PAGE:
The landlord might be entitled to keep the security deposit for cleaning costs in certain circumstances. Typically if a tenant leaves behind a garbage bag, it is unreasonable to charge them a portion of the security deposit to cover that labor. However, if the amount of cleaning required to bring the place in its initial condition is excessive, then the landlord is entitled to deduct it from the security deposit.
For example, suppose the tenant left behind trash all over the apartment, numerous personal belongings, and food in the refrigerator. In that case, the landlord may be able to keep a portion of the security deposit to cover your expenses and the labor required to clean the unit. Another example has to do with tenants that own pets. Pampering your pet with home-inspired ideas might bring joy to your pet but not so much to your landlord, who might have to deal with carpet cleaning after your pet used it as a toilet.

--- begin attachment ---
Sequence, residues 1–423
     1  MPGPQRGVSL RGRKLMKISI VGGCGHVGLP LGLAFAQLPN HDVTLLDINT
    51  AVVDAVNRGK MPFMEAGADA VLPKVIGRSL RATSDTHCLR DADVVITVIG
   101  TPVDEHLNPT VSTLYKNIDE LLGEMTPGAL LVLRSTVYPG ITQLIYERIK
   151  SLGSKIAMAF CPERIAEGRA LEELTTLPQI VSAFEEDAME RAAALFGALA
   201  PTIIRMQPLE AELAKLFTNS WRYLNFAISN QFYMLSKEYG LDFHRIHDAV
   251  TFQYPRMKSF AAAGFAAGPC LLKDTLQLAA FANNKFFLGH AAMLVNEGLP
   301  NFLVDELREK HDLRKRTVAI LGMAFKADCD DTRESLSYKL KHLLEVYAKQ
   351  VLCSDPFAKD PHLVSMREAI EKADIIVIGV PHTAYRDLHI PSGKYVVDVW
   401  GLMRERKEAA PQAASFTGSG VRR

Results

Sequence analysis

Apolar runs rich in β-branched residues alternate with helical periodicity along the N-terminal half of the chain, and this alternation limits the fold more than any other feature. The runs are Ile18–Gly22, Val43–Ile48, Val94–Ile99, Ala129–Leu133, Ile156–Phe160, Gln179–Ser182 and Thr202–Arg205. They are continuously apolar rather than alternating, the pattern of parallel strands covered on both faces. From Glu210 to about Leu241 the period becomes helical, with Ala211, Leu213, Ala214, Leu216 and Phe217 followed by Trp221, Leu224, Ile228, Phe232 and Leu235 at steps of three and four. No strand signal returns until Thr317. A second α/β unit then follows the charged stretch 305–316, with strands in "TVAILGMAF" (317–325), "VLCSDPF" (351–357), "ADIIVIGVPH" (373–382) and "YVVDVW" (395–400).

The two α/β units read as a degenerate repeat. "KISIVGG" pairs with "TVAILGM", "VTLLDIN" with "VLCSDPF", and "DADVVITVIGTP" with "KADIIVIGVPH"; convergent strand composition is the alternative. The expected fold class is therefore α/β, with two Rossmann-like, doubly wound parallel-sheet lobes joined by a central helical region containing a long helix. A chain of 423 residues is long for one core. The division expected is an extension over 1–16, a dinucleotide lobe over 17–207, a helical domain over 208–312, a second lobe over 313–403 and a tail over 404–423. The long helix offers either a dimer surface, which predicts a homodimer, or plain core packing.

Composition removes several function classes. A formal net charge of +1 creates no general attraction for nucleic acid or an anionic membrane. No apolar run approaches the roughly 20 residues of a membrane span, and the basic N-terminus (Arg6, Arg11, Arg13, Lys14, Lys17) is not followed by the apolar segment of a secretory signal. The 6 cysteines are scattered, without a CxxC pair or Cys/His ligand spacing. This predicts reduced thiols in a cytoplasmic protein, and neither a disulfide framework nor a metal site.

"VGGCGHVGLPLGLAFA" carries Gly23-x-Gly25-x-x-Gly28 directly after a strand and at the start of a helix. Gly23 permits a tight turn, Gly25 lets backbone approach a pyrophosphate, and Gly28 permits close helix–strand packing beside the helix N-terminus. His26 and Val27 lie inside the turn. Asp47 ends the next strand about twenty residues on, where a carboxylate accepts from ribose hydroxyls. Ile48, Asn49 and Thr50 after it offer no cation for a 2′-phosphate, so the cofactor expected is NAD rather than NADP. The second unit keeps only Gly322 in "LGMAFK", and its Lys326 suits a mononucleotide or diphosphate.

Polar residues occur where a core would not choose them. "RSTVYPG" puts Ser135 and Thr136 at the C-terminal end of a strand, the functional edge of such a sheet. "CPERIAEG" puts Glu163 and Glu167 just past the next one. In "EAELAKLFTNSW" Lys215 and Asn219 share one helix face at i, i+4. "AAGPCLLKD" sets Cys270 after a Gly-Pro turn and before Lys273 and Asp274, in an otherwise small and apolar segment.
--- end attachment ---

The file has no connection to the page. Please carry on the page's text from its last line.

As a landlord, you probably had to deal with good tenants as well as bad tenants over the years. It’s hard to know beforehand who you are welcoming in your apartment: therefore, a security deposit might help you account for a lot of the cleaning, missed payments, or damage that your tenant might cause.
You might even go a step further and weed out the bad tenants through tenant screening or if you decide to rent out your unit through a realtor. Get in touch with real estate agents near you for more details about renting.
As a tenant, you shouldn’t view the security deposit as a burden since getting the money back in full might come in handy when you least expect it. Getting the security money back shouldn’t be something you should worry about if you are a good tenant and care for the property. Hopefully, this article will help you understand when the security deposit is refundable and help you manage the deposit properly.